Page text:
Title

Material Transports

Document Type

Book Chapter

Publication Date

2019

Keywords

Karenia brevis, HABs, West Florida continental shelf, coastal ocean circulation, prediction

Digital Object Identifier (DOI)

https://doi.org/10.1016/B978-0-12-812131-3.00003-3

Abstract

Harmful algal bloom (HAB) occurrences, their interannual variations, and their preferred locations have as much to do with the ocean circulation as with their biological and chemical interactions. This is because the circulation determines the nutrient state of the continental shelf and hence whether or not slower growing HABs can successfully compete against faster growing diatoms. The circulation also determines the transport between the location of an incipient bloom and the location where the bloom may eventually manifest along the shoreline. Thus any viable bloom prediction scheme must begin with an adequate representation of the coastal ocean circulation. In other words, the circulation physics and the organism biology both provide the necessary conditions for bloom development and manifestation; neither alone provides a sufficient condition.

Here we discuss the basic workings of the continental shelf circulation with application to the West Florida Continental Shelf (WFS), where interannual blooms of the harmful algae, Karenia brevis, occur preferentially between the Tampa Bay and Charlotte Harbor estuaries. By exploring the dynamics of the coastal ocean circulation, driven both by local and remote influences, we gain an appreciation for why the WFS may at times be oligotrophic while at other times be nutrient replete. This suggests an Occam’s razor approach to prediction, which may work in some years but find surprise in other years. Thus key to prediction is not only adequate representations of the physics and the biology but also the observations required to mitigate model error growth. In this regard, HAB prediction is similar to weather prediction, just much more demanding. The most pressing needs now are for interdisciplinary, systematically collected water property and transport observations. Better understanding and predictive capabilities will not be gained by studying HABs alone. A similar requirement applies to fisheries resources or to any ecological phenomenon of the coastal ocean.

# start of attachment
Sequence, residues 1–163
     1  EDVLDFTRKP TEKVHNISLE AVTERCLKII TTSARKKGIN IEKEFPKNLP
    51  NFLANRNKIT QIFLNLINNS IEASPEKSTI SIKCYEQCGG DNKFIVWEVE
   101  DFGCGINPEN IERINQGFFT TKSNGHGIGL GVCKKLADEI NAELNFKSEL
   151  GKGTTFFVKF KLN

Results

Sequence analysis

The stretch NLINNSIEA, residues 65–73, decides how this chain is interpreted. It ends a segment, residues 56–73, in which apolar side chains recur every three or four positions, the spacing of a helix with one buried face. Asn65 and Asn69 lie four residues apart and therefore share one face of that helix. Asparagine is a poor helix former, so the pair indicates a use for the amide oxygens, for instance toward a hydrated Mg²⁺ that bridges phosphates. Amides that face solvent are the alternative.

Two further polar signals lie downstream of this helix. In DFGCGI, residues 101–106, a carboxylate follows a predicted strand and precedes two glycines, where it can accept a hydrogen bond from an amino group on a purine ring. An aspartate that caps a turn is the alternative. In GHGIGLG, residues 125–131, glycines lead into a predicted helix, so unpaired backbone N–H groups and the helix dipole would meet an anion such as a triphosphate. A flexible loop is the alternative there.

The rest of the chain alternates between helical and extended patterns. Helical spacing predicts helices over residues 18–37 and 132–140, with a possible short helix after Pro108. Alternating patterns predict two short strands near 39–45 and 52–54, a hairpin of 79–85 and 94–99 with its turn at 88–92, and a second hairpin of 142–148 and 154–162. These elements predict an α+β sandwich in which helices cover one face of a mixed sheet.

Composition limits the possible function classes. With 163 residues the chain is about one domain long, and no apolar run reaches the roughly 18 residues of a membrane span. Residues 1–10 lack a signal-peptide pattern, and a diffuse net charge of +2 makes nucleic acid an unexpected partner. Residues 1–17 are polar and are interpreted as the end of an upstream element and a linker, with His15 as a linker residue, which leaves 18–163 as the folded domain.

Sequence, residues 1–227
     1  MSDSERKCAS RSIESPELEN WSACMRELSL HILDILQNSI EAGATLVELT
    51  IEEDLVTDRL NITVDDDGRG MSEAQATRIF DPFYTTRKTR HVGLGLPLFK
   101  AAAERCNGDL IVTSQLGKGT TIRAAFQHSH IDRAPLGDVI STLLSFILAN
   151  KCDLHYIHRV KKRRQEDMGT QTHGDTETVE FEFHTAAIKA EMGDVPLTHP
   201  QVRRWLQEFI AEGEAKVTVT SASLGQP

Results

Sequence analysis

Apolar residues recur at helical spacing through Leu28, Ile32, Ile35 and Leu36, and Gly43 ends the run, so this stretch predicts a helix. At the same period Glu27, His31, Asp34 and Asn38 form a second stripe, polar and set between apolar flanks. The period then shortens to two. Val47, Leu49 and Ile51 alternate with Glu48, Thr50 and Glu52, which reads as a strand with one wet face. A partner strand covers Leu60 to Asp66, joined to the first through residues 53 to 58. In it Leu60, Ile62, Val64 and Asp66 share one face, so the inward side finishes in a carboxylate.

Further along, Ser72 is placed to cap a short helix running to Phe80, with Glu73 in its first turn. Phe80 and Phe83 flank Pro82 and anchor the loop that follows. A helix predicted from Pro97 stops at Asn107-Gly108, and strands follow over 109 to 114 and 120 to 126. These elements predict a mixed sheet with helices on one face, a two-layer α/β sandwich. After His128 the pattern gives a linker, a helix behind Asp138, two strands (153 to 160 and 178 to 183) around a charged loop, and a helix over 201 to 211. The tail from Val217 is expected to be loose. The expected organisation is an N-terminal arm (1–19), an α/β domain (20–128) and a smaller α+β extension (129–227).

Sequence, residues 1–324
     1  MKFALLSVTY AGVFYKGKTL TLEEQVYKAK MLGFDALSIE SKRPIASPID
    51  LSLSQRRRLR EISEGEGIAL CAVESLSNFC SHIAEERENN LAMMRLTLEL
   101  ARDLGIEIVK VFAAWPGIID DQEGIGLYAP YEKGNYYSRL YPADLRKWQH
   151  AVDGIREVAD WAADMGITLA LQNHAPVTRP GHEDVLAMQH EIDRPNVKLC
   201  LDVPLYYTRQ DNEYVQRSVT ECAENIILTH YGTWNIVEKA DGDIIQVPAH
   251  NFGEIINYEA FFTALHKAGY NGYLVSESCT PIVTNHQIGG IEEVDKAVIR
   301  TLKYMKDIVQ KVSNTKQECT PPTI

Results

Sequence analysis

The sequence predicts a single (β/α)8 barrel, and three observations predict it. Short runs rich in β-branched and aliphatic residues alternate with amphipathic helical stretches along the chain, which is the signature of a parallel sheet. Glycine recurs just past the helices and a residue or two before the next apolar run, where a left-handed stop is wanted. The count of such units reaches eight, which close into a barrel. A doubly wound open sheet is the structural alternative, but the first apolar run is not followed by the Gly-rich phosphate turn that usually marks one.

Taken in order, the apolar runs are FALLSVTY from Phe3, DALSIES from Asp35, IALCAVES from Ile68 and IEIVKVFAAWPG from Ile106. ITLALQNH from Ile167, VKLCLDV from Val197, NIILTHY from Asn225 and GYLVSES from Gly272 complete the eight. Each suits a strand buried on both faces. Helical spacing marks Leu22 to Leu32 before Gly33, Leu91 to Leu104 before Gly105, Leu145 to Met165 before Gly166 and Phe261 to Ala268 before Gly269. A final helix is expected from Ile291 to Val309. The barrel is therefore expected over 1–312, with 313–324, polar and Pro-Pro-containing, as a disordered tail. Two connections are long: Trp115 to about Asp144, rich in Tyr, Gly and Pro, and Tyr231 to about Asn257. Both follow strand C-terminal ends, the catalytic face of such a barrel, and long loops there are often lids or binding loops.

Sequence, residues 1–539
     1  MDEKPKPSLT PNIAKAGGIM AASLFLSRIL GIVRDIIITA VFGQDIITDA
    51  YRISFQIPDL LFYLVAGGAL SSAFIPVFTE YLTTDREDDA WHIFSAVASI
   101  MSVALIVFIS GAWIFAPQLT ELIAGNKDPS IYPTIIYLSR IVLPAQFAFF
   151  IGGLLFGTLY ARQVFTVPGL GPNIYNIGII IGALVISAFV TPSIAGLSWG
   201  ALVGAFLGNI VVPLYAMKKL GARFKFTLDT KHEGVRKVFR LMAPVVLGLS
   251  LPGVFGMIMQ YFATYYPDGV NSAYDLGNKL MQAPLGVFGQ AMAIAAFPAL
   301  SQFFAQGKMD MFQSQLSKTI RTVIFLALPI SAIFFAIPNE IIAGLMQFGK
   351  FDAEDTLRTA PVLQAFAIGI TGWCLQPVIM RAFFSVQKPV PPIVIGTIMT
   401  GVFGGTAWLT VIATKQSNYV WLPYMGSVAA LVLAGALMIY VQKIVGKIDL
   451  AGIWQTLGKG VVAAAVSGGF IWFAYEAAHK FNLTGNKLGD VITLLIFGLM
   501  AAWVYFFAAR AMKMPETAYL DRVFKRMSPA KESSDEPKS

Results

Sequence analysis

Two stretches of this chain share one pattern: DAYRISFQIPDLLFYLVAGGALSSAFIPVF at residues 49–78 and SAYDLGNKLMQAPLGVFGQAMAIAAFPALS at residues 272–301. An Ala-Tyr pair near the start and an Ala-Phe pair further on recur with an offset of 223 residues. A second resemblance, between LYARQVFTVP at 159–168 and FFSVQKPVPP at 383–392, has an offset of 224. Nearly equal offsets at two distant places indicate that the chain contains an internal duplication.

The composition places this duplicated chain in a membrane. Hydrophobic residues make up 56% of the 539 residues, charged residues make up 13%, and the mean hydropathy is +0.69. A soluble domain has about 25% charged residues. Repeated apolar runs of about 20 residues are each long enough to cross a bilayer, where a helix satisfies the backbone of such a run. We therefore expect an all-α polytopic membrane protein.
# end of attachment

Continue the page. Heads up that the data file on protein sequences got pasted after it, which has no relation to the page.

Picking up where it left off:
Was this content written or created while at USF?

Yes

Citation / Publisher Attribution

Material Transports, in J. J. Walsh (Ed.), Wind-Borne Illness from Coastal Seas: Present and Future Consequences of Toxic Marine Aerosols, Elsevier, p. 281-310

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